How to File a Complaint Against a Credit Reporting Agency

by Barb Nefer ; Updated July 27, 2017

Credit reporting agencies like Equifax, TransUnion and Experian are required to follow a consumer-protection law called the Fair Credit Reporting Act. Unfortunately, there might be times when you feel credit reporting agencies are violating the FCRA, and they might be unresponsive to your complaints about the situation. The Federal Trade Commission monitors their compliance with the FCRA, so if you feel they are in violation, report them to the FTC using a simple process.

Step 1

Write up a detailed account of your complaint. Stick to the facts, leaving out any unfounded accusations or emotional words. Your complaint will be taken more seriously if it is objectively written.

Step 2

Make copies of any evidence that will back up your complaint. This might include letters or emails you have sent to the credit bureau, proof that they have received your correspondence, and their replies. Doing this will allow you to include the information with your complaint while still keeping the original documents.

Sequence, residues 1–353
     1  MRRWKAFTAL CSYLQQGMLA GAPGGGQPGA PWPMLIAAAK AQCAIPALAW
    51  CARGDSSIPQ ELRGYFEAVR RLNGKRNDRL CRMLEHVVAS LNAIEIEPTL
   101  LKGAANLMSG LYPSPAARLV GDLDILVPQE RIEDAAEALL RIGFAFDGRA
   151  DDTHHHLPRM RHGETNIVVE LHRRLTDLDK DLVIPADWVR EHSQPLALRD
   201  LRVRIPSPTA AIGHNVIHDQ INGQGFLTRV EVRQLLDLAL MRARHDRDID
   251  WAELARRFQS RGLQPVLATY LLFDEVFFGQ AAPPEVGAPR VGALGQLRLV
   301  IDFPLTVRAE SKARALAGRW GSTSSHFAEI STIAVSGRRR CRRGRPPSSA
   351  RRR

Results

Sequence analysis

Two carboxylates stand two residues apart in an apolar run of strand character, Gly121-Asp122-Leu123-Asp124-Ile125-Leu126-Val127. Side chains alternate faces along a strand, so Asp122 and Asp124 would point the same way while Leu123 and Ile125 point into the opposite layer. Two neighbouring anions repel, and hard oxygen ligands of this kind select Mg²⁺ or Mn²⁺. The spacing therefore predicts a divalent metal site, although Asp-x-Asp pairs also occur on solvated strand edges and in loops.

Step 3

Mail your complaint to the Federal Trade Commission, the agency that regulates the credit bureaus. They do not take action on individual complaints, but they watch for patterns that indicate ongoing violations by the bureaus. If they notice a pattern of problems, they could decide to take action. You can also make complaints to the FTC by telephone, but doing so in writing gives you a chance to send your corroborating materials to back up your complaint.

Step 4

Notify the credit bureau in writing that you have filed a complaint with the FTC. If your complaint concerns a situation you are trying to resolve, such as a dispute about incorrect information on your report, the credit bureau might be more willing to take care of it if they know you have escalated the situation.

Tips

  • Even though the FTC will not take action on individual complaints, you can take your own legal action against the credit bureaus. After you have filed an FTC complaint, contact the National Association of Consumer Advocates to find an attorney who specializes in FCRA violation complaints.

About the Author

Based in Kissimmee, Fla., Barb Nefer is a freelance writer with over 20 years of experience. She is a mental health counselor, finance coach and travel agency owner. Her work has appeared in such magazines as "The Writer" and "Grit" and she authored the book, "So You Want to Be a Counselor."